Having parted ways with Lady Gaga in November 2013, by December 2015 Carter was weighing in to the debate around Taylor Swift’s decision to pull her back catalogue from Spotify. “It’s a flawed argument when you say I don’t want my music on any service that offers free when free already exists,” he told Bloomberg. “If you give people a free option, there’s a huge case study that they become paid users. But you gotta offer ’em an entry point, you know.  So we’ll see the world become a streaming world.”

Six months later, he joined Spotify with the brief of improving its relations with artists. This evening, two years on, CEO Ek said Carter had been a success in the role.

“By all measures, Troy has made a tremendous impact at Spotify. When he joined our team, there was skepticism from the artist community on streaming overall,” said Ek in a statement. “Troy has been instrumental in changing that perception and his efforts to establish true partnerships across the industry will be felt for years to come. He’s built a very capable, global team that embodies an artist-first approach and this philosophy has been adopted across Spotify. We are in an excellent position to build on the momentum we’ve established well into the future.”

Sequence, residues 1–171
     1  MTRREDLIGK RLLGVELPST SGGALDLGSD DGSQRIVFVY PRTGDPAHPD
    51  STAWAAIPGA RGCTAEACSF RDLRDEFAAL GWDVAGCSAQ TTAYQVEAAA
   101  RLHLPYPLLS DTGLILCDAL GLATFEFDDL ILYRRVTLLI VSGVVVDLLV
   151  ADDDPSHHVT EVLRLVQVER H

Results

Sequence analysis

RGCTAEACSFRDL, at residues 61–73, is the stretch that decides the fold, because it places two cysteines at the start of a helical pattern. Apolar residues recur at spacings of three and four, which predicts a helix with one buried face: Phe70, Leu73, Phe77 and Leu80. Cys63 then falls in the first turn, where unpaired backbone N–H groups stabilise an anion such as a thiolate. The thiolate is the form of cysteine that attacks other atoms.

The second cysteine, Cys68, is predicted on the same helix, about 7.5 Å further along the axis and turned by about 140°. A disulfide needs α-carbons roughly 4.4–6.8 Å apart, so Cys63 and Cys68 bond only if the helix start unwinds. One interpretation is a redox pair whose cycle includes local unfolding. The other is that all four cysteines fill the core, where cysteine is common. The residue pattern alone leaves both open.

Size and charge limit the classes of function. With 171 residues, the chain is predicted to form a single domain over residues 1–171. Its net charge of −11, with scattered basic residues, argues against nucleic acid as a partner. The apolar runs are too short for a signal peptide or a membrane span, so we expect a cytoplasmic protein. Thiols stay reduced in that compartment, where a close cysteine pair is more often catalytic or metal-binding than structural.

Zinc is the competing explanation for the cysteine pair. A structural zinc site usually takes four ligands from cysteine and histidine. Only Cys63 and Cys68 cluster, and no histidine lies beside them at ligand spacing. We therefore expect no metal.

In a keynote at the Music Biz conference last summer, Carter talked about the progress. “I think Spotify was incredibly great at breaking songs but we weren’t great at developing artists. Now we’re trying to wrap this engine around artists and help develop the next generation of superstars,” he said then.

“So it’s not about songs, it’s going to be about how do we help you build out bodies of work, how do we help you plan out your tour, how do we help you know who the fans are. So we’re investing in careers at this point.”

2018 saw Carter take a prominent role at Spotify’s investor day just before going public, telling potential investors in the company that “our editorial process is a unique meritocracy in an industry that was once controlled by just a handful of gatekeepers”.